Sometimes Modest Isn't Hottest
by Thao Nguyen
As I was writing my article about being jealous of my friends’ fabulousness, I received feedback and compliments from Polarity’s amazing editors. One of them, Alisha (go read her article!), is a friend I’ve known almost my whole life, and someone I admire and respect very much. She told me that one of her favorite things about me is that I always look like I’m about to burst into laughter or start giggling, and that made me stunning. My initial reactions were to cringe, laugh, and then adamantly deny everything she said.
Despite my insistence that she was wrong, her words made me feel warm and happy on the inside. It was great to hear her compliment, especially since it was based on a sincere observation and not just an offhand comment. Alisha’s compliment showed me that she really does see me and that she genuinely believed what she was saying. There was nothing facetious about it. However, even though I was internally more than flattered to receive a compliment from a friend I greatly respect, I couldn’t bring myself to verbally accept it.
You might think, “So what? I totally do that too, I just want to come off as modest instead of conceited.” I thought the same thing. But when I really considered why I always ward off compliments, I saw that I wasn’t really being modest; I was doubting my own value and achievements. Denying compliments, whether they’re about my appearance or my accomplishments, has become my go-to for detracting attention from myself. Years of beating myself up when I looked in the mirror and comparing myself to my friends convinced me that I wasn’t worthy of praise. The truth is, these actions made it almost impossible for me to be truly assertive or confident. Rejecting any compliments I received over the years has not made me more humble; it has only reinforced my insecurities and lowered my self-respect.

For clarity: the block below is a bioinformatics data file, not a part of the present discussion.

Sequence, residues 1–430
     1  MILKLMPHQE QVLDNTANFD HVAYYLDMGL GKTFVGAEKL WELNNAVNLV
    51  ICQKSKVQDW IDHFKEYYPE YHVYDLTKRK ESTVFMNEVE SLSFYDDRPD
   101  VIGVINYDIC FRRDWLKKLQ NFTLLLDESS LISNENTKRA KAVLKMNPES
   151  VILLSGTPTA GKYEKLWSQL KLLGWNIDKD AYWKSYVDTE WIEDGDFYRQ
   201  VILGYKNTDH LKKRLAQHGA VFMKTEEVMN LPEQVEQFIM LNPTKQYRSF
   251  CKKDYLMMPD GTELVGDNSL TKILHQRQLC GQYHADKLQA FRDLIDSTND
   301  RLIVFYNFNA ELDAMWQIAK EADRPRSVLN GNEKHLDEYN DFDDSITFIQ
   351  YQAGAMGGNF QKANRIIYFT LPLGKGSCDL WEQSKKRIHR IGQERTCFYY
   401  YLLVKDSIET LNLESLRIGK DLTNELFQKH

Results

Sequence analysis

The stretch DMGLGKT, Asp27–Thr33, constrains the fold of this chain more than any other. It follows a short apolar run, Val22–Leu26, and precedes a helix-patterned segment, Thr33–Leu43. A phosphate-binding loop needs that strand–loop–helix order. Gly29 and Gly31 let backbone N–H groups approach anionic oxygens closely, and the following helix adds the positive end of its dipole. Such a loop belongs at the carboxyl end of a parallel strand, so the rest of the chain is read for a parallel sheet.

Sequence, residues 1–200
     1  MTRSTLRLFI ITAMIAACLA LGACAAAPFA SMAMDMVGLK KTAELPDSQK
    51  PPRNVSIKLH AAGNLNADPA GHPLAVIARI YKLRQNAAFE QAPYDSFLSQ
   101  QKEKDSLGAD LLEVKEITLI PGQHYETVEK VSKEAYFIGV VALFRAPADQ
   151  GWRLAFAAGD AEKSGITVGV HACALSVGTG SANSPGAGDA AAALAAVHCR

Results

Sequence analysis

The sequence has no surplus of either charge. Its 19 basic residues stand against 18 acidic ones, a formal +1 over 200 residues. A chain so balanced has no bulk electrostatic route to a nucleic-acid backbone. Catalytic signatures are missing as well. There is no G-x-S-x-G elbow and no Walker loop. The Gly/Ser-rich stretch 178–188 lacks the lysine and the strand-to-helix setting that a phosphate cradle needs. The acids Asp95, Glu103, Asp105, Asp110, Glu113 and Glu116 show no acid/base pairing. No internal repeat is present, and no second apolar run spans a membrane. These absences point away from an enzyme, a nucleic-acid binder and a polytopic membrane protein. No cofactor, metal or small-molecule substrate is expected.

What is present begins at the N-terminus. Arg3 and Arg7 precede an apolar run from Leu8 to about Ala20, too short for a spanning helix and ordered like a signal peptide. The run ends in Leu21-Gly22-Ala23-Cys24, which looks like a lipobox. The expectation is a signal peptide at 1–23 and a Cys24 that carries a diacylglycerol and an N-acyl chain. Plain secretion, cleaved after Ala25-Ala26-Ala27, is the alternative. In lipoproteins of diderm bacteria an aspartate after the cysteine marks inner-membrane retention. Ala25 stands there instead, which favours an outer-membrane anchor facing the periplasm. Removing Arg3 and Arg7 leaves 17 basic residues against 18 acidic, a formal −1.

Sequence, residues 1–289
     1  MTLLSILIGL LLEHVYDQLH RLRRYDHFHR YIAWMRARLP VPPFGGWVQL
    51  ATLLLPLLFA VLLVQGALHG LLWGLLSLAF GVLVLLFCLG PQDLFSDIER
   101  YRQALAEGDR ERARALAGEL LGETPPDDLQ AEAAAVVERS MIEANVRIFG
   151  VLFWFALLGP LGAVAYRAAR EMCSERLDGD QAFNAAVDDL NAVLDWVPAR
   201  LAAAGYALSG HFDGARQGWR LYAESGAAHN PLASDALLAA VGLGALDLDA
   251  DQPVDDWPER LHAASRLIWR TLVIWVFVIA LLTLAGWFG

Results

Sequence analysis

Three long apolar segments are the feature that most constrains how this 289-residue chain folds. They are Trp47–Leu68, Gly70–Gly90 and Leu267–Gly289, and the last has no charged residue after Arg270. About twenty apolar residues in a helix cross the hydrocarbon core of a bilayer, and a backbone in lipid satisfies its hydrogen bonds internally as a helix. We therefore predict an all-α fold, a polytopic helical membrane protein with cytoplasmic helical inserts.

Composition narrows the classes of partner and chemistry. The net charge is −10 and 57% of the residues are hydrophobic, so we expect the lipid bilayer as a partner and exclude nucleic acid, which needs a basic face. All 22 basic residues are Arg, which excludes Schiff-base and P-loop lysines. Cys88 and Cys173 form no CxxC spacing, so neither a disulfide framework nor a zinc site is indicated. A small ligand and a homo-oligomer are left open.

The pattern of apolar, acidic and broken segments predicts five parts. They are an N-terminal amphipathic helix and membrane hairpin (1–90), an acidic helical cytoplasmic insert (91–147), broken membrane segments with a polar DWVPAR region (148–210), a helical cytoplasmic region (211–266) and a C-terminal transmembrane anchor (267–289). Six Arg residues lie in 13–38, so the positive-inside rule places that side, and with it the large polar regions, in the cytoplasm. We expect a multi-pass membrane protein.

Moreover, I was showing Alisha and all the other people who have paid me sincere compliments that I didn’t really trust their judgment. By being so quick to deny their words all the time, I was inadvertently downplaying their opinion and failing to show appreciation. Repeatedly rejecting compliments also means it becomes less and less likely that people will ever compliment you again, which in turn will lead to an even lower self-confidence. It’s a vicious cycle of rejection.
To break away from this bad habit, I’ve taken it upon myself to accept compliments more often. Of course, there’s a part of me that’s afraid that I may come off as conceited, but also another part that knows that accepting compliments with grace will improve my self-esteem in the long run.
Despite this fear, from here onward, I plan to receive compliments with more positivity. I’ve decided to love myself enough to say “thank you, that’s so nice of you to say” when I agree with what is being said. False humility hasn’t done me any favors, it’s only turned me into a doormat; it’s time that I start showing the confidence I always encourage and admire in others. I also urge anyone else who has a rebuttal for every compliment to consider doing the same. We could all use a little more self-love and confidence!